Colorado Severe Weather Awareness Week is April 15 to April 22, and the City of Boulder, Boulder County and the University of Colorado would like to remind community members that along with severe weather comes flash floods. Flash floods in Boulder can happen at any time throughout the year.
Boulder is the number one flash flood risk community in Colorado due to its location at the mouth of Boulder Canyon, the number of people who live and work within the Boulder Creek floodplain, and the numerous other drainage basins running through the city. Therefore, flood safety and preparation is always a high priority for the community.
Since the Fourmile Canyon Fire occurred in 2010, the flood risk to Boulder Creek and Fourmile Canyon Creek has increased due to a lack of vegetation and permeable soil in the burn area. If a severe storm were to occur over the burn area, rain runoff and flooding would be greater than in the past. This increased flood potential could last anywhere from 2 to 10 years until the landscape starts to recover.
The City of Boulder and its partners are working together to prepare for the season and to educate community members on how to prepare.
What can you do?
Be alert. It can be raining in the mountains and burn area but be dry in Boulder. Rainfall in the burn area could result in:
- Muddy or murky creek water downstream.
- Creek levels rising more quickly.
- Higher frequency of flooded underpasses.
- Increased possibility of flash flooding.
If it is raining, avoid seeking shelter in underpasses. Many of Boulder’s underpasses serve the double purpose of conveying flood waters and will flood when creeks overflow.
Remember, flash floods can literally occur IN A FLASH during a severe storm. In 2011, several people went to Boulder Creek to try to witness flooding as it was occurring. This is unwise and dangerous. People should NOT go to the creek when flood waters are rising. Flash floods are not like floods in other parts of the country that rise gradually. A significant flash flood could sweep down a creek in a matter of minutes, leaving little time to get to safety.
It’s important that residents and people who work in Boulder keep track of the weather and know the dangers. Here are some steps residents and employees can take to increase their safety if a flood event should occur in Boulder:
Before a flood – Be ready:
- Have a plan for where to meet in an emergency and make sure children know where to go when they are at school or away from home.
- Keep an emergency kit accessible. Include a battery-powered radio, extra batteries, flashlights, rubber boots and gloves, first-aid supplies, medicines, water stored in tightly-sealed containers and food that requires no cooking or refrigeration.
- If you’re concerned about your property being flooded or are in a floodplain, purchase flood insurance. A homeowner’s insurance policy will NOT cover flood damage. There is a 30-day waiting period before new coverage goes into effect.
- Fill out a Family Flood Action Plan and post it in your home. Visit www.boulderfloodinfo.net to print one or pick one up at one of the Boulder Public Library or at the city’s Municipal Building at 1777 Broadway.
- Sign up to get emergency alerts sent to you on your phone, email or Twitter account atwww.BoCo911Alert.com. CU students, faculty and staff can sign up for CU Alerts athttp://www.colorado.edu/alerts.
During a flood:
- Move to higher ground immediately.
- Stay out of flowing waters. Swift moving waters may sweep people away.
- Avoid driving through flooded areas. Cars float in 18 inches of water, and half of all flood fatalities are auto related.
- Stay away from power lines and electrical wires. Electrocution is the number two killer in floods.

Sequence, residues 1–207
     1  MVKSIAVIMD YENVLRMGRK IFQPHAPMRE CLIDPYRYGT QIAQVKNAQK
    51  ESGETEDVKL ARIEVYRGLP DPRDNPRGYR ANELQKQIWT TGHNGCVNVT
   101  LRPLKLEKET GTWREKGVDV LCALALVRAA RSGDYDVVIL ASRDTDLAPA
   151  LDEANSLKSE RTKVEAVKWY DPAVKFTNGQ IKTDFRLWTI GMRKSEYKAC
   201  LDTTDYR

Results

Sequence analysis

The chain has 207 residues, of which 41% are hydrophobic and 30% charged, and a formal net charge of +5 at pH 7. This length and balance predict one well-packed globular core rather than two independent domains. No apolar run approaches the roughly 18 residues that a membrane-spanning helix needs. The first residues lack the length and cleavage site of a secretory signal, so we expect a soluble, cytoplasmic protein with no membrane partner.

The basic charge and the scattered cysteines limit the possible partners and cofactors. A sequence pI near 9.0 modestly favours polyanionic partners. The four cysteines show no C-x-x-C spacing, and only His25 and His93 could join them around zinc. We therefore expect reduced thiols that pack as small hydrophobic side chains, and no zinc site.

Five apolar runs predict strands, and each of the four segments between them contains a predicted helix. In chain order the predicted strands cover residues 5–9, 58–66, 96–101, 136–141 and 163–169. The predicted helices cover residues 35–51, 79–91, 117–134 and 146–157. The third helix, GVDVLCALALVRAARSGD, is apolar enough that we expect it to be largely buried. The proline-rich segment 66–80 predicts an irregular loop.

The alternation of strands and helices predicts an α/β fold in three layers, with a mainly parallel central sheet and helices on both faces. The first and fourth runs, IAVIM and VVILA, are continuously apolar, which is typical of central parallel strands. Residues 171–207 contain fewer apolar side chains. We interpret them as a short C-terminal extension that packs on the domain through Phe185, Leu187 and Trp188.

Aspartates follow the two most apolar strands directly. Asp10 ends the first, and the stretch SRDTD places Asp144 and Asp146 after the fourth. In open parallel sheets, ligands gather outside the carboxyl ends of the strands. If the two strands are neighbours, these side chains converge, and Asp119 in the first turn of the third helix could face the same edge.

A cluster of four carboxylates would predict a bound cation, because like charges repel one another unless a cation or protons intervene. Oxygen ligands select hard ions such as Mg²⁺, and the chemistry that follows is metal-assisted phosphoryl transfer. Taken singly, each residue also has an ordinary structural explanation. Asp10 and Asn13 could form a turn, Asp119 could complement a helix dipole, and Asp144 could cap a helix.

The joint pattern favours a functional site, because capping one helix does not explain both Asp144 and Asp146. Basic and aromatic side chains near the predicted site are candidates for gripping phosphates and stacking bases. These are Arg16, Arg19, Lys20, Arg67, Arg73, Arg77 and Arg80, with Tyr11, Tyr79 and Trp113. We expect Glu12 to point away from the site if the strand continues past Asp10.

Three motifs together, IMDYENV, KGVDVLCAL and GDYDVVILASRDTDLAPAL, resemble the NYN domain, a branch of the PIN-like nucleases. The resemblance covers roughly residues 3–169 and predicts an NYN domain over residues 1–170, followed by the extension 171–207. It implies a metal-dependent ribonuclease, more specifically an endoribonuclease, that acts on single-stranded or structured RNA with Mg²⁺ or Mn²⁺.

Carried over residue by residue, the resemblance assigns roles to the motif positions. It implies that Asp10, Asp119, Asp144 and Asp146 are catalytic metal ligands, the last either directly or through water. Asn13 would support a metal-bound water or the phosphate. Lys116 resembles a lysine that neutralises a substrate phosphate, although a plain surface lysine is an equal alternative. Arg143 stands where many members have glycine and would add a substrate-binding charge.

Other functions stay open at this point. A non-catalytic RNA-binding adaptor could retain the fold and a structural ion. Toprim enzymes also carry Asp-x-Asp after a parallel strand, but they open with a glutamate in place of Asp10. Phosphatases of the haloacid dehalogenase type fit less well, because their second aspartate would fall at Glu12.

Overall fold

- If time allows, turn off electricity and gas.
- When an emergency warning is issued by sirens, radio or other media, seek information immediately. Tune radios and televisions to local news stations.
There is no way to predict whether flooding will occur. It is dependent on many variables including intensity, duration and location of storms as well as existing soil conditions. The best course of action is to be alert and be prepared. The city maintains a flood information website that can help residents prepare before, during and after a flood event. For more information about personal preparedness, visit www.boulderfloodinfo.net.
The thief made off with guns, badges, handcuffs, portable police radios. computers
Wednesday, January 25, 2012
On December 7, 2011, a Boulder County Sheriff’s deputy reported that his residence had been burglarized and a number of items had been stolen, which included two handguns, portable police radio, two sheriff badges, X26 Taser, two computers and a number of other items. Yesterday afternoon, January 24, 2012 investigators with the
Boulder County Sheriff’s Office served a search warrant at a residence in the 3700 block of Dexter Court in Denver. During the search one of the handguns (Glock .45 caliber), portable police radio, sheriff badges, X26 Taser, and some other items were recovered at the residence.
People have been upset with bearers of bad news at least as far back as the days of Sophocles, Euripedes and Aeschylus, the writers of tragedies in which a messenger could be killed just for bringing the king some bad news.
Nowadays, we don’t kill the journalists for giving us bad news; we seem to thrive on it and demand they give us more.
Oh, every decade or so there will be complaints that newspapers just report bad news and never good news, and some newspaper will be started that proudly proclaims it will print only good news. Then it will lose money and go out of business, because people are more interested in tragic events than in happy events … unless, of course, the events happen to them.
Remember, the Greeks invented tragedies before they invented comedies. Bad news allows us to feel good about ourselves, to feel pity for the sufferers and fear that the events could happen to us and to achieve a catharsis of those emotions.
Comedies, however, make us laugh and allow us to feel smug about our happiness. Greek tragedies were about the nobility, but comedies were about common people. Then the moralists of the 16th and 17th centuries decided that the purpose of comedy was not only to amuse and entertain, but also to instruct.